For comparison with the Venus orbital plane which is inclined at 3 degrees from the ecliptic, the Akatsuki probe should travel at an inclination of about 172 degrees.

The satellite command and control system, named by the Japanese AOCU (“attitude and orbit control subsystem with processor”) assures a three axes stabilization using an engine system (RCS or “reaction control system”), used in conjunction with the reaction wheels (RW). These momentum “storage devices”, four in total, are of two types: some bigger and able to develop 20Nms and some smaller, able to develop 4Nms.
The RCS system is composed of 12 monopropellant engines (N2H4) for attitude control, and one bipropellant engine (N2H4+NTO), or OME (“orbital maneuvering engine”) for orbital corrections.
Keeping a constant pressure in the two fuel tanks is provided by a compressor that pumps Helium from a special tank so that it compensates the loss and eliminates the compression and displacement effects induced from acceleration.
Normal engines are grouped in pairs and develop a traction force of 23N (8 of them) and respectively 3N (the remaining 4). As we mentioned earlier, these are the ones meant to do the small corrections necessary for attitude control and for the discharge of the momentum stored in the RW. OME is used only in two situations, but it plays a major role in the mission's success. Firstly, OME must pull the probe out of Earth's gravitational field and place it on a transfer orbit around Venus. Secondly, it must put the probe on an elliptical Venusian orbit.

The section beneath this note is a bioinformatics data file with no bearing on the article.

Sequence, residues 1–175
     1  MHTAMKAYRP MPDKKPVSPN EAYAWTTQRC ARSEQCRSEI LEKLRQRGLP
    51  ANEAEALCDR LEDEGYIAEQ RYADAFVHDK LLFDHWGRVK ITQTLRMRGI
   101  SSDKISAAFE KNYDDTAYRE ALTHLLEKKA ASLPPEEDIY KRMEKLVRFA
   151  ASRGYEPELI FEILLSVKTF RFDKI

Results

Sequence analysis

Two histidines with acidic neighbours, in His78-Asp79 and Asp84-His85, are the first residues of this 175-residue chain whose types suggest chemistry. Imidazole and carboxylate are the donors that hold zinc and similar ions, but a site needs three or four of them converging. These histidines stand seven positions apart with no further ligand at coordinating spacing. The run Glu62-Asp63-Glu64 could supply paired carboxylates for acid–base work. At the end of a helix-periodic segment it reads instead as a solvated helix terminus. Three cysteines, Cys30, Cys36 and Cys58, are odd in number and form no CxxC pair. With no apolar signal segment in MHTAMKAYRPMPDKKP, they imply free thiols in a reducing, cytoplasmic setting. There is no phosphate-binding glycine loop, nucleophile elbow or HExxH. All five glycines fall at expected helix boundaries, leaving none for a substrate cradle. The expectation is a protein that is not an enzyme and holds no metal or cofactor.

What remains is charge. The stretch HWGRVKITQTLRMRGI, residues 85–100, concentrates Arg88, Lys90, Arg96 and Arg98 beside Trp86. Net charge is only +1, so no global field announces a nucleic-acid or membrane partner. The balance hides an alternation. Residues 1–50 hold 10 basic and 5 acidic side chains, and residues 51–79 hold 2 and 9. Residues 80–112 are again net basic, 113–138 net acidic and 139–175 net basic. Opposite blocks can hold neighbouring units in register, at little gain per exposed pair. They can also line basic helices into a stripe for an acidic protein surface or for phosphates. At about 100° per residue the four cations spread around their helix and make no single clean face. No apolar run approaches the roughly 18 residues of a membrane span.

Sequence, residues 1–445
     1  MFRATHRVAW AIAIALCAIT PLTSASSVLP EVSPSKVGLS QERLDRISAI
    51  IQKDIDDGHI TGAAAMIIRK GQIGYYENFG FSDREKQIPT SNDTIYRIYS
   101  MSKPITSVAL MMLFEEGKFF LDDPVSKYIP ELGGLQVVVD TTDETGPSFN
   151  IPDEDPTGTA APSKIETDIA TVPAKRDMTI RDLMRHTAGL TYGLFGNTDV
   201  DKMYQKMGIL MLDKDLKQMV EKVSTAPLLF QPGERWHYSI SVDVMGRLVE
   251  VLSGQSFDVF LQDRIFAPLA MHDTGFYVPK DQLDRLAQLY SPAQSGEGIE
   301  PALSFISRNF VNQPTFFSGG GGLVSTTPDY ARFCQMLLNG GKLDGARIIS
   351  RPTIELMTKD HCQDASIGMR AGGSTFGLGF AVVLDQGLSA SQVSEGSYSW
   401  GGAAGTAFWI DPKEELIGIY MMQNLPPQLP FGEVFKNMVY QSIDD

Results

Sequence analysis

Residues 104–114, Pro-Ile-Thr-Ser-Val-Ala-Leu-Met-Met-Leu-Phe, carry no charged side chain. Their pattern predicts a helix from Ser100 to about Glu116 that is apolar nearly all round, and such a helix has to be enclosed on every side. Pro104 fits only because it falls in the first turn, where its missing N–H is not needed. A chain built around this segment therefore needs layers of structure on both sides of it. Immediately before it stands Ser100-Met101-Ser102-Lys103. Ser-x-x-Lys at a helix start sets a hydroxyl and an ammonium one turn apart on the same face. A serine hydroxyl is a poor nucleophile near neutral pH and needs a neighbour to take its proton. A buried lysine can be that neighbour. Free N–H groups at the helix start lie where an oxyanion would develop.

The sensors consisted of IRU (“inertial reference unit with gyro”), two stellar cameras (STT-“star trackers”), solar sensors (TSAS and CSAS “sun aspect sensors”) and accelerometers (ACM).

The thermal control system had to be specially designed for operating near Venus, where the solar radiation has a value twice as big as the one registered around Earth. Thus, despite the MLI (“multi layer isolation”), it is expected that 140 W/m2 of the solar energy will overcome the barrier and go inside the satellite. In addition to that, the electronics on-board dissipate about 500W and scientific instrumentation another 1000W, in nominal operating conditions.
Because of this, passive insulation was not enough and a number of dissipative panels were added. Another big problem to overcome was the internal temperature distribution which is not uniform, because in some areas a temperature of 20 degrees Celsius has to be maintained (board electronics) and in parallel there are regions where the temperature must remain at 0 degrees Celsius (the optical zone).